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home : news : news
July 15, 2018

5/4/2018 1:45:00 PM
Musician - scholar says drummers played an important role

When professional drummer Kelli Rae Tubbs was forming a jazz band a few years ago,  she went in search of sheet music and arrangements she knew the band would need. She lucked-out obtaining a collection from a musician’s estate sale, including 1,100 arrangements.  

Paging through books of music in her new-found treasure she grew perplexed.  These vintage drum parts were unlike any she had commonly seen in her career as a professional drummer.  

“I could read it but it made no sense,” she said.

Motivated by necessity and curiosity, she went down the rabbit hole looking for an explanation of what happened to drum music that she felt “was lost to time.”
And, she hasn’t truly emerged from that rabbit hole yet.

Starting in the 1800s --to around the post world war era of the Big Bands--  Tubbs, of Chisago City,  now happily reports her research along with others’ brought insight in the course of tracking down “tribal  knowledge”  the lore that drummers either casually absorbed over generations or let go of.

Drum history was not comprehensively recorded or preserved anywhere, although she found some invaluable resources.

Tubbs’ goal has expanded beyond understanding drum arrangement and music applications to understanding drumming as a field all its own and putting it all together.  
But, more on that later.

Drums were used by early people to communicate, applied as an alert or summons. The formal military complex adopted drums to keep marching soldiers moving along.  
Orchestral uses became popular and elevated the role of the drum.  Of course, drum equipment was re-imagined to fit every new use.  And,  some equipment alterations facilitated the new drum uses, she explained.  

Alot of consolidating percussion into a “drum set” called for creating pedals, mounts and fasteners. The reason for this was to keep costs down.  You could have one musician on the payroll playing cymbals, snare drum and bass drum all at once.

Going through catalogs and patent records for drum equipment provided much information for documentation and an equipment timeline.
Tubbs also collects items to feed her desire for hands-on learning.  

She has 12 drum sets now, and a bushel basket full of old accessories, plus antique sheet and bound music, and photos/postcards featuring vintage drum groups and individual drummers.  

Grants from local arts organizations have also provided Tubbs with some financial support and she’s been able to travel, access databases to study and interview legendary drummers.  She recalls speaking with one who was an idol of hers since she picked up drumsticks at age 12; and thinking ‘this is unreal’ as she was putting his phone number into her cellphone.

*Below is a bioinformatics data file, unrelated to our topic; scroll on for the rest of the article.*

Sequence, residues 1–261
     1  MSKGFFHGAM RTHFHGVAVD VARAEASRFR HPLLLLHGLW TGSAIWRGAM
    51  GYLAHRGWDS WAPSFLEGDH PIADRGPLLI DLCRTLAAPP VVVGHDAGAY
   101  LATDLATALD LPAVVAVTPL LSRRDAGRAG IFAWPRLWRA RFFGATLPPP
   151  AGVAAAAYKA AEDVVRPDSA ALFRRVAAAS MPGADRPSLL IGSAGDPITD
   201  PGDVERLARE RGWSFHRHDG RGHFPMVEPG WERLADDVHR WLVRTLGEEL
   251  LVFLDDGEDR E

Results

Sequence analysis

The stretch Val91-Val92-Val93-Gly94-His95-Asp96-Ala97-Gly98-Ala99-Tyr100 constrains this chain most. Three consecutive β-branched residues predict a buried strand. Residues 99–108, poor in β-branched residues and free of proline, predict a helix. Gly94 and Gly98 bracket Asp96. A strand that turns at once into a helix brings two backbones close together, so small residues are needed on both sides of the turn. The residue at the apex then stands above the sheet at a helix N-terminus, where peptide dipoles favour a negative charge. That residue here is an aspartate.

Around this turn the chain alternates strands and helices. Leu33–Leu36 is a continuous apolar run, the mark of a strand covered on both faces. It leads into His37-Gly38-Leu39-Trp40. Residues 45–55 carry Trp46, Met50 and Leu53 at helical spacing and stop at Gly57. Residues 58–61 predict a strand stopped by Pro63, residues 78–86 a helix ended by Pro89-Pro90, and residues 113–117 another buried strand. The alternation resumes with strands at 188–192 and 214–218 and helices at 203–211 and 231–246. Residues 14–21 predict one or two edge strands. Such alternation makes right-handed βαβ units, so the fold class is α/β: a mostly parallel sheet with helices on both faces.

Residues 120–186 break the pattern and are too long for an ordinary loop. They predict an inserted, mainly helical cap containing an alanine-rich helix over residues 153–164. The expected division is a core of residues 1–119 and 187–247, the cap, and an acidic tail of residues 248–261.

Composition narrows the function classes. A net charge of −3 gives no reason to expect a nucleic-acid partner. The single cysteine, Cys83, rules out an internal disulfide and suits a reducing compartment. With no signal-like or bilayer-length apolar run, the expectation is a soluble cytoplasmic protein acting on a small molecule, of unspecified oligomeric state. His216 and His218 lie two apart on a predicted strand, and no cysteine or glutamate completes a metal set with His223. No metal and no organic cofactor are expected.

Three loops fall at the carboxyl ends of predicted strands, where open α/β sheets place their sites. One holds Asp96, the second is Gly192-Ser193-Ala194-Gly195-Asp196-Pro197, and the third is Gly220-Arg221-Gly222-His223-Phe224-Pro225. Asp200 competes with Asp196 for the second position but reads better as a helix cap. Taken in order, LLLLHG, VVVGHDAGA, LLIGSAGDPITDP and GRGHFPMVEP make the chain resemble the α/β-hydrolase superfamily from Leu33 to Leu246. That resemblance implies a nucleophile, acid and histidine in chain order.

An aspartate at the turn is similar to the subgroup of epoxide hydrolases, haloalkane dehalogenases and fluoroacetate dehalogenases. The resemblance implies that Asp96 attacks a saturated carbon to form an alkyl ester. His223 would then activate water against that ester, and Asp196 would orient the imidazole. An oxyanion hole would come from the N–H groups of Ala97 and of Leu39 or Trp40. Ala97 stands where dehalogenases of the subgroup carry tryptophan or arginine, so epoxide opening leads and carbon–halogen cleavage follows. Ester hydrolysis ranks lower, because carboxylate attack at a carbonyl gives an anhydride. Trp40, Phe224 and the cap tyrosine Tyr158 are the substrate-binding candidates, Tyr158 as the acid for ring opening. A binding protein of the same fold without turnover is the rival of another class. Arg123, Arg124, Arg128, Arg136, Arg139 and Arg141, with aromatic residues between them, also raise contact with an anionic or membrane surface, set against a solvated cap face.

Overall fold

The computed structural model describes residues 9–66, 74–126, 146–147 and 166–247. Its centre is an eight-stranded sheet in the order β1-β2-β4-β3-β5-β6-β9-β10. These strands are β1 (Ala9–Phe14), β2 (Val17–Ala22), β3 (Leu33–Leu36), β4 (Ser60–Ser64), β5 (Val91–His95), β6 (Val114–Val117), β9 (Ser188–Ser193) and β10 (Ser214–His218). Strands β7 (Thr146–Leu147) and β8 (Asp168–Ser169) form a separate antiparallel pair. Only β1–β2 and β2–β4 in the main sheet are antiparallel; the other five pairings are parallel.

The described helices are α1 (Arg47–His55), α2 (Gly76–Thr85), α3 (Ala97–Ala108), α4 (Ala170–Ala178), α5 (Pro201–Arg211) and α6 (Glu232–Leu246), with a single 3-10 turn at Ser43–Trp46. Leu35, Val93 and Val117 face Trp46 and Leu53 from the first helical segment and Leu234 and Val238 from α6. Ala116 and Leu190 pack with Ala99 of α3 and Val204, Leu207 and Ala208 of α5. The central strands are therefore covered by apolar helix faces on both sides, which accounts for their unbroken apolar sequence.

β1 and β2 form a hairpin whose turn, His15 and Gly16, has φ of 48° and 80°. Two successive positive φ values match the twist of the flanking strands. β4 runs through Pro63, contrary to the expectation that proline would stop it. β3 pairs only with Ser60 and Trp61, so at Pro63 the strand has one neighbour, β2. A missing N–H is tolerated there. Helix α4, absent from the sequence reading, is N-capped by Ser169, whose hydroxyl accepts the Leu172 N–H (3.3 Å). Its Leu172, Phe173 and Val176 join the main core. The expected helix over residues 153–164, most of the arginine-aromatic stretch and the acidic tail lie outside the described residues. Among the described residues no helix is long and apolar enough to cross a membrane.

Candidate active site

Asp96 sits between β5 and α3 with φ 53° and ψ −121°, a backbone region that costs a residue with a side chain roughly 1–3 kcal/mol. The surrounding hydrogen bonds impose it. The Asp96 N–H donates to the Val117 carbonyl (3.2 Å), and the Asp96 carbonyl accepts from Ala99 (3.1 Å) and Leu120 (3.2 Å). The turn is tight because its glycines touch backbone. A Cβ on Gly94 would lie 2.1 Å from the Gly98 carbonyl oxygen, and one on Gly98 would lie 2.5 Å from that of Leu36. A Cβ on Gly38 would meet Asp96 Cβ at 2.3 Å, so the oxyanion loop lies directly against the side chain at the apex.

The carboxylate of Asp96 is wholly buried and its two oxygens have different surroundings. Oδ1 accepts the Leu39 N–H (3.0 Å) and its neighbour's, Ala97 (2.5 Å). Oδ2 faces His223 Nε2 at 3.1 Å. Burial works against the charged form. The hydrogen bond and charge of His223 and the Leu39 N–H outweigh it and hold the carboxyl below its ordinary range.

She has even interviewed a professional lady drummer 105 years old.

“I am having a blast,” she remarked.  “I am so grateful to the East Central Regional Arts Council for funding research and helping me find somebody who has the answers.”
The rabbit-hole allowed her to meet with respected drummer and educator, Daniel Glass.  Glass has five books to his name and has contributed historic pieces to music periodicals.  He was voted one of the top five R & B drummers in the world by readers of DRUM and Drummer magazines. He gives master classes and clinics, and since 2011 he has been house drummer at the jazz club, Birdland, in New York.

Tubbs and Glass are working on a book that promises to be, as the book subtitle states:  A snapshot in drum history 1900 to 1939.
They get together in person periodically and also confer by Skype.  

Tubbs says it’s uncanny how advances in drums and adaptations in the musical personality of the drum correlate to certain  periods in history.  

Immigrant populations of the late 1800s had a direct impact on the use and quality of cymbals, for example.   Turkey and China design and manufacturing influences are spotted easily and the most-desired cymbal-maker to this day is of Turkish origin.  

With the advent of traveling entertainers -- the minstrel groups and tented chautauquas -- so too were drums and drum sets changing to fit these applications.  And, what circus would be complete without its band... “drum roll please.”

Moving pictures, or “movies” gave drummers an expanded role accenting the audience’s experience.  Minus soundtracks;  drummers were expected to be skilled in using accessories as sound effects and to move the story along.  

Tubbs explained how moving pictures needed background music that evoked feelings of “Oriental” or “hurried drama.”

Tubbs sat herself at a table covered with sound effects devices, and accompanied  a scene from a Chaplin short and a Mickey Mouse silent cartoon projected nearby, while giving a talk at Chisago Lakes Library last week.  

Tubbs can be viewed on You Tube,  in a series of videos produced through local studio North Homes Productions and released in March 2017.  

Posting these videos was another experience Tubbs describes as “...very cool.”  She was monitoring the You Tube channel overnight as the videos started to be viewed.    Literally as daylight dawned at Tubbs’ home;   Internet addresses had shown up for thousands of people, first in Indonesia, Australia, then Europe and Great Britain. Internet users on the U.S. side of the Atlantic then logged in and she realized her videos had just travelled around the globe.





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